But won't studying voice make me an opera singer?

But won't studying voice make me an opera singer?
In a word...no.

I hear the excuses - from many different people:  "but if I take lessons, it'll change my sound",  "I don't want to be an opera singer, so why would I take lessons?"

etc etc etc blah blah blah.

This is ignorance talking, and sometimes fear.  Fear of the unknown.

You can't call yourself a singer if you don't sing.  You cannot BE a singer if you don't have access to your FULL instrument.  Period.  How do you access that full instrument in order to know how to use it well, if you don't study?

As with ANY discipline,  study and technique is crucial for its longevity and its ability to excel.

Why wouldn't you want to know how to use your voice in the best possible way?

Studying voice, with the right teacher, will open technical possibilities,  knowledge, behavior,  approach,  and even STYLE that perhaps you had no idea about!

Until you truly access your instrument fully,  you simply cannot know what you are able to do, capable of, or not.

Singing is like any discipline or athletic activity.  The more the instrument is developed or "trained", the more possibilities exist.  The less chance of injury.  The more real the opportunities.

Athletes cross-train.  It doesn't mean they will excel or even delve into certain aspects of that training, but it is in the training itself, the PURITY of what the body learns and develops from that training that allows that athlete to then take on his/her speciality.

The dancer studies and develops technique.  The basis of the technique, what is at the core of the body function of technique does not mean that dancer will be a ballerina.  What happens at the barre allows for the dancer to move into the technique of other forms of dance, and have the technical FREEDOM to explore where their body and inclination allows them to be.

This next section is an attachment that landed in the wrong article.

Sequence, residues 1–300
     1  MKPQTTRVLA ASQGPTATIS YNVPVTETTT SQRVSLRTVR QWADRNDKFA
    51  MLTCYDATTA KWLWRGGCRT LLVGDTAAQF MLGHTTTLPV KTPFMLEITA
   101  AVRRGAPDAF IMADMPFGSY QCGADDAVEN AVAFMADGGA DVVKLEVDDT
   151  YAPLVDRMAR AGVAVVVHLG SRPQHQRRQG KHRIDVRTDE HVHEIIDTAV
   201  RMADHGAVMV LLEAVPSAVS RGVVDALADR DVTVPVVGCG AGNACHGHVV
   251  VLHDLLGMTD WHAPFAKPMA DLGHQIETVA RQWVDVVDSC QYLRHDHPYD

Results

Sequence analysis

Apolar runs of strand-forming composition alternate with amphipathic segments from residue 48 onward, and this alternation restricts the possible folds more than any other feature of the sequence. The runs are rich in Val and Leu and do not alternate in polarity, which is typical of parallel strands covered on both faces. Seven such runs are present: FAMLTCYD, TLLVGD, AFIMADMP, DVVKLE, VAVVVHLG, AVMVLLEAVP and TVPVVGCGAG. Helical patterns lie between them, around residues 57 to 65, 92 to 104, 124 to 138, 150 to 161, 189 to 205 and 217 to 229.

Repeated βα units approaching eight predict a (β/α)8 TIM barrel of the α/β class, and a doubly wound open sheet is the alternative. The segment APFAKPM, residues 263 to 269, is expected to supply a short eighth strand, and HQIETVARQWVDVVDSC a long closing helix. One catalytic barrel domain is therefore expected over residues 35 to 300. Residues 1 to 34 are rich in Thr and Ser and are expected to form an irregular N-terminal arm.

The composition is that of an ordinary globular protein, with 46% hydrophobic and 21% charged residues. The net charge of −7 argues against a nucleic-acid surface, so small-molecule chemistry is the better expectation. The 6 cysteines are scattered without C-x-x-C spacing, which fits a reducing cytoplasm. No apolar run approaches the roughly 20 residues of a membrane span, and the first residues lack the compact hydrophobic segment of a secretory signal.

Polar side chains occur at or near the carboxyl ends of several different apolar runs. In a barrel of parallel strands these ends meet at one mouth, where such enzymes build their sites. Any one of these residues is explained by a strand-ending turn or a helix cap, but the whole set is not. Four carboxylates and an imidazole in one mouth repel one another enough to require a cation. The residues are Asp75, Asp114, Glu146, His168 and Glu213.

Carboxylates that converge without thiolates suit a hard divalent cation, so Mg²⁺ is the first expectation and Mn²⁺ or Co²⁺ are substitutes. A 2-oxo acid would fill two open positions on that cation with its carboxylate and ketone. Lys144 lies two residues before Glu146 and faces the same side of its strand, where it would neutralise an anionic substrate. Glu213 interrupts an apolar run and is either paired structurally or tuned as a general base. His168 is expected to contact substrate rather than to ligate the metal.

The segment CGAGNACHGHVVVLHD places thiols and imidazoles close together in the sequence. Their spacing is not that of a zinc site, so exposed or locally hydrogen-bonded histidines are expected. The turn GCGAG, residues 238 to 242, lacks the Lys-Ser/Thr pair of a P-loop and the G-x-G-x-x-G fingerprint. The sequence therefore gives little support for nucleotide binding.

The actor who is fully realized, studies and develops behavior.  He/she can look at many different methods and approaches,  work with classical text,  understand breath and support,  and know no matter where they are cast, they are able to fulfill those requirements and embody that style and those characters.

Singing is the same thing.  The instrument begins with physicality and athleticism.  If this is not understood, it simply cannot take on what the mind and spirit want to always do.

Studying voice should and will make you a better SINGER.  Period.

If you call yourself one,  why wouldn't you want to be the best you can be and allow the challenges of that to lift you to the next level?

Potential is nothing if not realized.

Natural talent only exists to a certain point, and then evaporates with skill is required.

Knowledge is power.

Behavior is key.

Knowing how to do what you NEED to do in order to access the many facets and levels of artistry is CRUCIAL to being a singer, an artist, and someone who has the chops to last!

Flying by the seat of your pants can be exciting until you fall.  And generally the seat of those pants rips hard and suddenly the Emperor has no clothes on.  Everybody sees it.

The truly "great" artists - those that span time  in EVERY genre of singing - study.  From opera to music theatre, to pop and rock to jazz and more.

The greatest players and singers,  the greatest actors and dancers,  the greatest athletes ALL STUDIED!

Learning how to use your instrument, your voice,  allows you more possibilities, not less.  It will not change your voice, it will ACCESS your voice.  Learning how your instrument works,  discovering how to use it in a healthy way will not change your choice of style, but in fact FINESSE it.

Why wouldn't you want to access MORE instead of staying with less?

You don't know until you try.  You cannot try until you realize.

If you say you want to sing,  then truly understand what it means to access the voice.  YOUR voice.

Susan Eichhorn Young covers all things voice—strong and sophisticated singing and speaking. 

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